Many foreigners may still wonder what the hell is the point of such a small beer – but hey, that’s culture! Someone ordering an extra small beer in Catalunya is more likely to ask for una canya petita (una caña pequeña) but, as we mentioned earlier, canyas are not always the same size in every bar anyway. Some bars will have two sizes of canya glasses, and to differentiate may serve the smaller ones as canyas and the larger 33oml ones as “copas” – more about those in a moment.

I want a pint, dammit!

If you’ve no interest in zuritos or canyas petitas and want to get right down to business, then ask for a gerra (jarra). This is basically a 500ml glass of draft beer, but don’t be surprised if it’s not available though, as not every bar will have these larger glasses. And, as with canyas, gerra glasses are not necessarily all the same size, ranging from 400ml up to 568ml (a pint).

The reason many bars don’t even stock the larger glasses is that very few locals ever ask for them, mainly due to the warmer climate here. Warm lager is not very appealing, obviously, and given that lager was all that was on offer until recent times, smaller was better, especially in the summer months – hence canyas!

If you forget the word gerra but want a large draft beer, you can try asking for a “pinta” instead. In Catalan, the word “pinta” comes from “pint” in English, obviously enough, you would think, but it is relatively new to the language, and, outside the context of a bar and beer, “pinta” has other meanings. In Castellano-Spanish, a “pint” is more commonly called a “medio litro”, for example, but worry, almost every bartender will understand that you want a large beer.

Pints and a couple of half-pints of Guinness during the famous pouring process
Pints and a couple of half-pints of Guinness during the famous pouring process

A pint of the black stuff

Not everyone quite gets it though! On multiple occasions, we have heard customers in Irish bars trying to order “una canya de pinta” – literally, “a small glass of pint”! – when what they actually wanted was “a half pint of stout”, the black beer. They had confused “pinta” as meaning the stout itself rather than the volume of beer – which was fair enough as the idea of both pints and stout was entirely new to them. At least they were willing to try something different!

Una pinta and una media pinta of stout, commonly referred to as “La Negra”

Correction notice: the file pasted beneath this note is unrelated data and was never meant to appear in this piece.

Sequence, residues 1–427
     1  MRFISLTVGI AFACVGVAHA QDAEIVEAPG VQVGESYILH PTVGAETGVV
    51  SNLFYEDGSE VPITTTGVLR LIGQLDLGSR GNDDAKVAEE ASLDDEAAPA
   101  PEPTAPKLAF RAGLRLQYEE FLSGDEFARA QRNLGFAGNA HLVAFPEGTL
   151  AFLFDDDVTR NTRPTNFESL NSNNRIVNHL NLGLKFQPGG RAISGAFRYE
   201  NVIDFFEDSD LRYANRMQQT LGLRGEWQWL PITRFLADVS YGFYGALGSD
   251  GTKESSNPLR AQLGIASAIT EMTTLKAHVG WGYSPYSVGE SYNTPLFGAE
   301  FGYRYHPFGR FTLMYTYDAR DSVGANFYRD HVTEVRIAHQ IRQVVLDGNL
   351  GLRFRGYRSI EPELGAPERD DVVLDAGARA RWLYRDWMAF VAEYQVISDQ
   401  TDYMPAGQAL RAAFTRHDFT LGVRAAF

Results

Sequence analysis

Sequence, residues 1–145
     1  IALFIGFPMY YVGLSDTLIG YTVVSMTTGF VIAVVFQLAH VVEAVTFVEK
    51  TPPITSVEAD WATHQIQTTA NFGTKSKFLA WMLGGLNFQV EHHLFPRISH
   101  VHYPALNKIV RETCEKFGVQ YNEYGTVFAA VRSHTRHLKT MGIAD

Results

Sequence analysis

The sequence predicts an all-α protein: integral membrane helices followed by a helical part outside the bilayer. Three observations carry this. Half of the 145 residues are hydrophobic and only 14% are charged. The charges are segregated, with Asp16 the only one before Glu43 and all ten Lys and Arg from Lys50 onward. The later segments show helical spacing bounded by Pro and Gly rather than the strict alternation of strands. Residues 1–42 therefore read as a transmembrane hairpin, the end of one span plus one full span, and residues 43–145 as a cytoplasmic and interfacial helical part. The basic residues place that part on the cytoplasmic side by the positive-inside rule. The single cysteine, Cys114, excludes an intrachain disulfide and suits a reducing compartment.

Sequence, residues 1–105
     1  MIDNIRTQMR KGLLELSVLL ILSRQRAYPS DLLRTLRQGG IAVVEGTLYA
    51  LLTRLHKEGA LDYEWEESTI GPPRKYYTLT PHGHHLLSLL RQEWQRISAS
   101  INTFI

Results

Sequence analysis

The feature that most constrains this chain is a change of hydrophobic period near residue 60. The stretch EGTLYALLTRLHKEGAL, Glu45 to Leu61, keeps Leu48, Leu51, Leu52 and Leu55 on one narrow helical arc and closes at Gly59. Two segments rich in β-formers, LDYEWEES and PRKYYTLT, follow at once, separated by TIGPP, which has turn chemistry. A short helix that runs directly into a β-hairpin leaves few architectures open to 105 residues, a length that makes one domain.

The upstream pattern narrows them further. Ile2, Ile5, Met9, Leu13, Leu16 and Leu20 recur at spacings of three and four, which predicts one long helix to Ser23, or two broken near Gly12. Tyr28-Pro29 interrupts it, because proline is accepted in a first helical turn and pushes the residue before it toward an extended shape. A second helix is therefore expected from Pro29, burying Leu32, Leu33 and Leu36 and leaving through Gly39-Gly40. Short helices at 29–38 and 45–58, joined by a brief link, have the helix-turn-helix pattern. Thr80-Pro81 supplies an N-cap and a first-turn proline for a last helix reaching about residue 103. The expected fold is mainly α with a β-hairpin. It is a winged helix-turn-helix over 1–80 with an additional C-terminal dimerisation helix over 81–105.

Una pinta and una media pinta of stout, commonly referred to here as “La Negra”

Bottled beer

So, we hope that clears things up somewhat (and hasn’t just further confused the issue instead!) Basically, if you want to order a specific draft beer, order it by size and nameuna gerra/pinta de Heineken, for example, or una canya de Turia. If you just ask for “una Estrella” by name only (without the size), it’ll usually be assumed you want a bottle of the stuff, even if they have Estrella on draft as well.

One type of beer that’s becoming gradually more and more popular here is I.P.A. (India Pale Ale). You’ll find it in quite a few bars now, usually in bottles. If you’d like one of these, then ask for an “ee-pah”.

When it comes to bottles, the most typical size is 330ml, and those are known here as “medianas”. Just like when you order a canya, if you simply say “una mediana” you’ll probably be given a bottle of Estrella, or whatever the main beer is in that bar. You may occasionally hear a customer asking for “un tercio”, which is the very same thing but probably an indication that they come from a part of Spain other than Catalunya.

To be fair, “un tercio” means “a third” and could be argued to be a more logical name for a beer bottle containing a third of a litre, but, nonetheless, in Catalunya, 300ml bottles are generally referred to as medianas, even though they don’t contain half a litre, as you might expect! Some bars will also sell very small bottles of beer containing only 200ml, and in Catalunya, these are – very logically this time- called “un quinto”, “a fifth”, as in, a fifth of a liter.